Orgo Ch 1 Ppts (Pt. 3)

  1. Dipole moments
    -What can you do with them?
    add them up and they form a direction toward the more electronegative
  2. What can the poles do?
    negative pole of one may react with the positive pole of anotehr
  3. In chemistry, what cannot you do?
    break single bonds
  4. What do arrows indicate?
    the flow of two electrons
  5. Sigma bonds are __
    single bonds
  6. Pi bonds are __
    sigma bond and another bond
  7. Where can't you push electrons to?
    a saturated area
  8. In contrast to single bonds, what are double bonds?
    shorter and stronger than single bonds
  9. Where should you put the negative charge?
    on the most electronegative atom
  10. delocalization
    • spreading out the charge--> stabilized
    • lower in energy, much more readily accessed
  11. Explain formal charges in terms of neutral molecules.
    if neutral, formal charges add up to zero
  12. For period 2 elements, what is the deal with charges?
    no double charges exist
  13. Double charge rule
    no double charges directly next to each other= too much repulsion
  14. Explain major and minor contributors.
    In resonance, they both exist. The major will be the one that most likely occurs in nature
  15. When both resonance forms obey the octet rule, the major contributor is __
    the one with the negative charge on the most electronegative atom
  16. Condensed structural formulas
    • are written without showing all the individual bonds
    • atoms bonded to the central atom are listed after hte central atom
    • if there are two or more identical groups, parentheses and a subscript may be used to represent them
  17. Line angles are also called __
    zig-zag structures
  18. At the end of every line and at the intersection of any lines in line-angle structures, there is __.
    a carbon atom with four bonds. Hydrogen atoms are mentally supplied to fill the valency to four
  19. In line angle drawings, what must be shown.
    atoms other than carbon and double and triple bonds
  20. Definitions of acids and bases
    • arrhenius: 
    • - acid: forms H30+ in water
    • - base: forms OH- in water

    • Bronsted-Lowry: 
    • - acid: donates an H+
    • - base: accepts an H+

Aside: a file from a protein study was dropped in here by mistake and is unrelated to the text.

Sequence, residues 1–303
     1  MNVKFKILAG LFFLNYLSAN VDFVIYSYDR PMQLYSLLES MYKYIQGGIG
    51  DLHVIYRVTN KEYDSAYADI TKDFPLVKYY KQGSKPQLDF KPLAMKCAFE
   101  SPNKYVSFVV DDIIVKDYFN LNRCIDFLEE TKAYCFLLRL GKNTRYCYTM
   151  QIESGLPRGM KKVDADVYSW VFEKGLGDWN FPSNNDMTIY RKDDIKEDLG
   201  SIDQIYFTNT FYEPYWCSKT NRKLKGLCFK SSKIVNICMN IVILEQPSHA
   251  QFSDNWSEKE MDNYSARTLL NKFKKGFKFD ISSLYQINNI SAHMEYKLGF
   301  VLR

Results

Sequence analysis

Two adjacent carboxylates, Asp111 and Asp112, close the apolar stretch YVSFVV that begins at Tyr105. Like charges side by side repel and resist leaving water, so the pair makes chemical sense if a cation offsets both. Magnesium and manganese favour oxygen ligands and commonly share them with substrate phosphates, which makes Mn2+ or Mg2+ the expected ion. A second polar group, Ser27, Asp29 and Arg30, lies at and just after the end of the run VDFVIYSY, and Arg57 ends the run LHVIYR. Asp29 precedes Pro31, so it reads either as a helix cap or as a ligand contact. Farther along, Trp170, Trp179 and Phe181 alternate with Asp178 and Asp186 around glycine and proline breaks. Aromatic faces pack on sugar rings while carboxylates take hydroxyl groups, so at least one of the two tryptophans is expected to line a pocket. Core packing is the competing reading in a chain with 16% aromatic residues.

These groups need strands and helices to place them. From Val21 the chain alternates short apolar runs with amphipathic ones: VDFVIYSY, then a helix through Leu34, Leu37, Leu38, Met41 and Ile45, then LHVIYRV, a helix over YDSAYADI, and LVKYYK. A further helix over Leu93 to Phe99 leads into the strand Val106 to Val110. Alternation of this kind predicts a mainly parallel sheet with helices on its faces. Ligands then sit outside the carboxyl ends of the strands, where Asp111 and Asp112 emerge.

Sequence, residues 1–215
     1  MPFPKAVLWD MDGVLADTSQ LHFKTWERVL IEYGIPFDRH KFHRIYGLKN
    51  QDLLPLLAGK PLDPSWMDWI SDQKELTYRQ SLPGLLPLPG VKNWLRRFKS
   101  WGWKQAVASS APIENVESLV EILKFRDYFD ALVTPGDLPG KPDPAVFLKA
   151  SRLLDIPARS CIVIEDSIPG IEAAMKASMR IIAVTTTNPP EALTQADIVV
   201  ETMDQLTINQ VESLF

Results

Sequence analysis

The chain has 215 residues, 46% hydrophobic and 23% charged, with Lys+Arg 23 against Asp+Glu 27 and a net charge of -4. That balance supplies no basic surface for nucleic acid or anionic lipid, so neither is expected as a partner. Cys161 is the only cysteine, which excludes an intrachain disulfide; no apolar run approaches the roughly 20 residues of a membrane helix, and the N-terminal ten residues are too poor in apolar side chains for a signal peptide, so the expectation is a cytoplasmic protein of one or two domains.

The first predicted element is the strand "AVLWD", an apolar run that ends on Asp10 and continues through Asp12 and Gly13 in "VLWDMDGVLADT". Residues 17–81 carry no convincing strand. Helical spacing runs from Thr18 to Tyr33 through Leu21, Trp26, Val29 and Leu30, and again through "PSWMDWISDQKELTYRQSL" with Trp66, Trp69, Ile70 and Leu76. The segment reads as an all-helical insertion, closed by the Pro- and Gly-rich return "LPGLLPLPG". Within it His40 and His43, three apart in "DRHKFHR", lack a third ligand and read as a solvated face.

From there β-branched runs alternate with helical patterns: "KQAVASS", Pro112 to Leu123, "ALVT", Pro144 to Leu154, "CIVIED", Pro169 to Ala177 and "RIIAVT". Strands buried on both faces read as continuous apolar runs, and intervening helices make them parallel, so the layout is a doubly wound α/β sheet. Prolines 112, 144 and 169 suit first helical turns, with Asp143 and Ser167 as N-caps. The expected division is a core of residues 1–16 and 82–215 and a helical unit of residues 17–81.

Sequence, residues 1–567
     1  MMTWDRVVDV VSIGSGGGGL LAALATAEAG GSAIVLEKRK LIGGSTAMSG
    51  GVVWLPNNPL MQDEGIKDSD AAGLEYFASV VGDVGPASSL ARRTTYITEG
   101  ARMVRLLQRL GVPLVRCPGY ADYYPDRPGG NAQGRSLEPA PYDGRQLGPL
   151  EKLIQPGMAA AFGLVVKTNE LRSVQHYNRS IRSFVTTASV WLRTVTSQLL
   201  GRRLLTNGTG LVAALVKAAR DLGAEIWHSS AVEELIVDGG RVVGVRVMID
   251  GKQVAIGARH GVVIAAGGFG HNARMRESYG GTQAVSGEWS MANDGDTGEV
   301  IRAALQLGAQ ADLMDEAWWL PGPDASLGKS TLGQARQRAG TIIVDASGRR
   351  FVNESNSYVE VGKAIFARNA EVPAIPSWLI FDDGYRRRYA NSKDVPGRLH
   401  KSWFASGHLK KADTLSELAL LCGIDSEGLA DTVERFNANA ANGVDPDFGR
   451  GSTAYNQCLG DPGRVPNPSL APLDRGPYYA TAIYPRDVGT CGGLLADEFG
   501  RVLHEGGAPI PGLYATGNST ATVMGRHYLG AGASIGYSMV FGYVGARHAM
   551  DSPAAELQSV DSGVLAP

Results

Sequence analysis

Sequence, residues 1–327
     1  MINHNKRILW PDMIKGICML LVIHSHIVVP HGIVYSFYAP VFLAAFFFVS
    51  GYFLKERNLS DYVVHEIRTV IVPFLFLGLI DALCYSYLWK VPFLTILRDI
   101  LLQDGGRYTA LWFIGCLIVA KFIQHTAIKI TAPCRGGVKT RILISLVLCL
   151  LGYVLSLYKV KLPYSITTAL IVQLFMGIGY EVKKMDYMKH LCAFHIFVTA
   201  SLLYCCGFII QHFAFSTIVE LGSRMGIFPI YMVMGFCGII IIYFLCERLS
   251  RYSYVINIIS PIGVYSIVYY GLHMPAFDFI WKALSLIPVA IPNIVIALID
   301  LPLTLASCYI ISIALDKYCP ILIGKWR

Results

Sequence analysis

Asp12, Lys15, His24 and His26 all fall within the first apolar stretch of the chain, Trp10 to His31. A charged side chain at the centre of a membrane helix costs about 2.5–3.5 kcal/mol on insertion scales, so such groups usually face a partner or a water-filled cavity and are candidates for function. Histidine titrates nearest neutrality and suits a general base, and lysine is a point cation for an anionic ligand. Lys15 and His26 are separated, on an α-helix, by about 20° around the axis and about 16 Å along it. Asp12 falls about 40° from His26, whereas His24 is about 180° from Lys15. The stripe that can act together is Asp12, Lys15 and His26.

• Lewis:
    • - acid: accepts an electron pair to form a new bond
    • - base: donates an electron pair to form a new bond
  21. Bronsted-Lowry acids are any species that __
    donate a proton
  22. Bronsted-Lowry bases are any species that __
    accept a proton
  23. conjugate acids and bases
    • conjugate acid: when a base accepts a proton, it becomes an acid capable of returning that proton
    • conjugate base: when an acid donates its proton, it becomes capable of accepting that proton back
  24. Effect of electronegativity on pKa
    As the bond to H becomes more polarized, what?
    H becomes more positive and the bond is easier to break
  25. Effect of size on pKa
    As size increases, what?
    • the H is more loosely held and the bond is easier to break
    • a larger size also stabilizes an anion
  26. Lewis bases are
    species with available electrons that can be donated to form a new bond
  27. Lewis acids are
    species that can accept these electrons to form new bonds
  28. Since a Lewis acid accepts electrons, it is called an __
  29. Nucleophile
    donates electrons to a nucleus with an empty orbital (Lewis base)
  30. Electrophile
    accepts a pair of electrons (same as Lewis acid)
  31. When forming a bond, __ attacks the __, so the arrow goes from __ to __.
    • nucleophile
    • electrophile
    • -
    • +
  32. When breaking a bond, the more __ receives the electrons.
    electronegative atom
Card Set
Orgo Ch 1 Ppts (Pt. 3)